Ball Ammunition: Ammunition whose bullet or projectile is designed with a tough metal covering or jacket over a central core material, and which is designed to remain intact and essentially undeformed on impact with an object at its designed velocity.

Plain Language Definition - ammunition which has a solid or fully jacketed bullet which does not expand significantly on impact with an object.
HTH
Link Posted: 1/10/2006 3:26:35 PM EDT
[Last Edit: 1/10/2006 3:27:05 PM EDT by Big-FED]
In military terms, it refers to any small arms projectile that has no exposed or expanding tip, i.e. the jacket material covers the tip in one piece down to the tail of the bullet.

Another thing to think about is that the term "full metal jacket" isn't true either. The jacket actually does not cover the base of the projectile.
Link Posted: 1/10/2006 5:51:55 PM EDT

Originally Posted By ScEd1:
Ball Ammunition: Ammunition whose bullet or projectile is designed with a tough metal covering or jacket over a central core material, and which is designed to remain intact and essentially undeformed on impact with an object at its designed velocity.

Plain Language Definition - ammunition which has a solid or fully jacketed bullet which does not expand significantly on impact with an object.
HTH

And that's only the modern, derived definition, based on the original lead balls. In fact, the early conical bullets were called "Minnie balls" because "ball" is what the projectile always was.


Originally Posted by Big-FED:
Another thing to think about is that the term "full metal jacket" isn't true either. The jacket actually does not cover the base of the projectile.

True, but the contact surface of the bullet is indeed fully jacketed, as opposed to a "Dumdum" bullet which exposes a significant portion of the soft lead core of a military bullet.

At least one bullet manufacturer uses the term "totally metal jacketed" to describe its truly fully jacketed, lead exposure minimizing bullets. A point about the non-jacketed base of an FMJ bullet: it can be finished with whatever desired level of smoothness and perpendicularity to the bullet's axis, but anything beyond simply keeping the lead all the way in the jacket adds cost. GOOD target bullets have jackets that cover the base, offering a consistent and uniform base surface which helps minimize dispersion. Conversely, the "known dispersion" feature of certain 7.62X51mm duplex rounds (and supposedly .50 BMG rounds) comes entirely from these qualities of the bullet's base.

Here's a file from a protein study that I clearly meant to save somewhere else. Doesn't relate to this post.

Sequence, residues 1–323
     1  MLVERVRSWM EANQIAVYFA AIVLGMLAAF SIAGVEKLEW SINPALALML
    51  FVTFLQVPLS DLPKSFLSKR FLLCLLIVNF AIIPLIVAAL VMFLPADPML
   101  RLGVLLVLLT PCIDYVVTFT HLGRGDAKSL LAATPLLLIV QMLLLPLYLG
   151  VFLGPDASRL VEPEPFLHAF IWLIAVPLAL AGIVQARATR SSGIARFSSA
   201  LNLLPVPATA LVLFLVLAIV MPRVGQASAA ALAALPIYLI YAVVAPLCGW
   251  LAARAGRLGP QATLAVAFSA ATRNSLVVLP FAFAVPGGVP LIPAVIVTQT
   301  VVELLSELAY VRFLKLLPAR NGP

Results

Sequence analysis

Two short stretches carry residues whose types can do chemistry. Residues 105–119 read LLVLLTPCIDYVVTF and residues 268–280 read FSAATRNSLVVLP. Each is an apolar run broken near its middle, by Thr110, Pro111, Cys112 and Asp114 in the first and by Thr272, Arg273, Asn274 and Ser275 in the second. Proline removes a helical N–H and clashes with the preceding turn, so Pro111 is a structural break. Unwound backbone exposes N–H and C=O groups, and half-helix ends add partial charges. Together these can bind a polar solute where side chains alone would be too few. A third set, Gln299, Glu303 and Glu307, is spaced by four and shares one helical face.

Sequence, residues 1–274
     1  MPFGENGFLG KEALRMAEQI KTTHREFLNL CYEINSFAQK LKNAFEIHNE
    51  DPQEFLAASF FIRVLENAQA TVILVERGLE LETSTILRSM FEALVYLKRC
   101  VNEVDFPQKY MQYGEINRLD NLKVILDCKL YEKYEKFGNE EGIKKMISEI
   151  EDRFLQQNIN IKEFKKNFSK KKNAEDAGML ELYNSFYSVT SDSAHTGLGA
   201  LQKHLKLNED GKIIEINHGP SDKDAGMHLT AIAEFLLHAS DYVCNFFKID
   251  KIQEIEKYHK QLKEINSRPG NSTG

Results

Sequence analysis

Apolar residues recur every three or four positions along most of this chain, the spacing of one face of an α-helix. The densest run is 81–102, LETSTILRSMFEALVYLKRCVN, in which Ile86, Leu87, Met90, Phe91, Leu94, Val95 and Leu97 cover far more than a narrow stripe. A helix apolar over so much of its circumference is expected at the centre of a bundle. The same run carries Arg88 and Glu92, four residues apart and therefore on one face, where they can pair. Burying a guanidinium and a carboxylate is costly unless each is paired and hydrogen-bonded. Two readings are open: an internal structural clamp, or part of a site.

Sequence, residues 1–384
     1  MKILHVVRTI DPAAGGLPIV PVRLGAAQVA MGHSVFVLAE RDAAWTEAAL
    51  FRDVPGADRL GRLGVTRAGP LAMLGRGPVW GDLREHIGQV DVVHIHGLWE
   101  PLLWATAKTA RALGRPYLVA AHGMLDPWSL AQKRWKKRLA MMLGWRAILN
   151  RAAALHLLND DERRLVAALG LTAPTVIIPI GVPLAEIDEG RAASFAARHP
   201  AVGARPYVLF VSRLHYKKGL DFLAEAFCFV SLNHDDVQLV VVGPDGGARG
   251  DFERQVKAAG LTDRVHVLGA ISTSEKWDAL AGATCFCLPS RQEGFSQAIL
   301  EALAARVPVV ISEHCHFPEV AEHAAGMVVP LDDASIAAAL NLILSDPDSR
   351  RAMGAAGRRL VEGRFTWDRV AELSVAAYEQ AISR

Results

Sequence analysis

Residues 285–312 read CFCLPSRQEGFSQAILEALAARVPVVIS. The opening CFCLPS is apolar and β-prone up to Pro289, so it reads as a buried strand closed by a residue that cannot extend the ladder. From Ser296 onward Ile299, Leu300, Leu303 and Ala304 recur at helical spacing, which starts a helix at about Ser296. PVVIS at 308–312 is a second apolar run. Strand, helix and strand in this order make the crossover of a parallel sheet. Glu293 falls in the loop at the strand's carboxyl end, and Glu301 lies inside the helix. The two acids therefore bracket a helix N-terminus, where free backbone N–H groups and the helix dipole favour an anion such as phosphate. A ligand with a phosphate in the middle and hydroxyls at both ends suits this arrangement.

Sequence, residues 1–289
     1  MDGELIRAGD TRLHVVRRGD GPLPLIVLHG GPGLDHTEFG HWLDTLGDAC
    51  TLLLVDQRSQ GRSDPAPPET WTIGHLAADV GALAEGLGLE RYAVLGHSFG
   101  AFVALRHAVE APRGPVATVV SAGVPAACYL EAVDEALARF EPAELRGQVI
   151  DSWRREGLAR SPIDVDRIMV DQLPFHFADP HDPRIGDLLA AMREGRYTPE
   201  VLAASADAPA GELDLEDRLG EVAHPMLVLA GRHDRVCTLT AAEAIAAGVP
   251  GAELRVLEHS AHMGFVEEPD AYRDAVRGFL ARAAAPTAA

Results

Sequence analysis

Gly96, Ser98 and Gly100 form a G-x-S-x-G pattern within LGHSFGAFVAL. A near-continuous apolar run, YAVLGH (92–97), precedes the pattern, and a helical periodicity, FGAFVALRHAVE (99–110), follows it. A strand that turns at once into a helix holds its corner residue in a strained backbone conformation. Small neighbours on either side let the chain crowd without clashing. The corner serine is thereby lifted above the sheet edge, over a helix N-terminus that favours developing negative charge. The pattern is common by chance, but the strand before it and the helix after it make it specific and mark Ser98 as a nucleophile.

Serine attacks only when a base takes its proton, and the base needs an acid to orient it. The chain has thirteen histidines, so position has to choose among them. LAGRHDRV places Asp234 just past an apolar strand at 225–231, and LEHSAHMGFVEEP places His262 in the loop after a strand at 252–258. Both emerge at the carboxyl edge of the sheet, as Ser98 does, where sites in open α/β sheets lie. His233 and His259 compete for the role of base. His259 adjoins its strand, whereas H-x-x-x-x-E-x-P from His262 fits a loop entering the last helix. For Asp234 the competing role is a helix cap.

Link Posted: 1/12/2006 3:36:43 PM EDT
Very cool guys. Thanks for the input.
Link Posted: 1/16/2006 4:51:24 PM EDT
I recall reading an old article in American Rifleman about civil war ammunition. They had ball, minie ball, and buck and ball. The buck and ball were cartridges that contained buckshot and ball. Nice mix. The buck and ball were only to be used in smoothbore muskets. A lot of infantryman prefered their smoothbore muskets because of the speed advantage loading and the ability for the buck and ball.

Man the useless knowledge stored for years in my grey matter.

SoS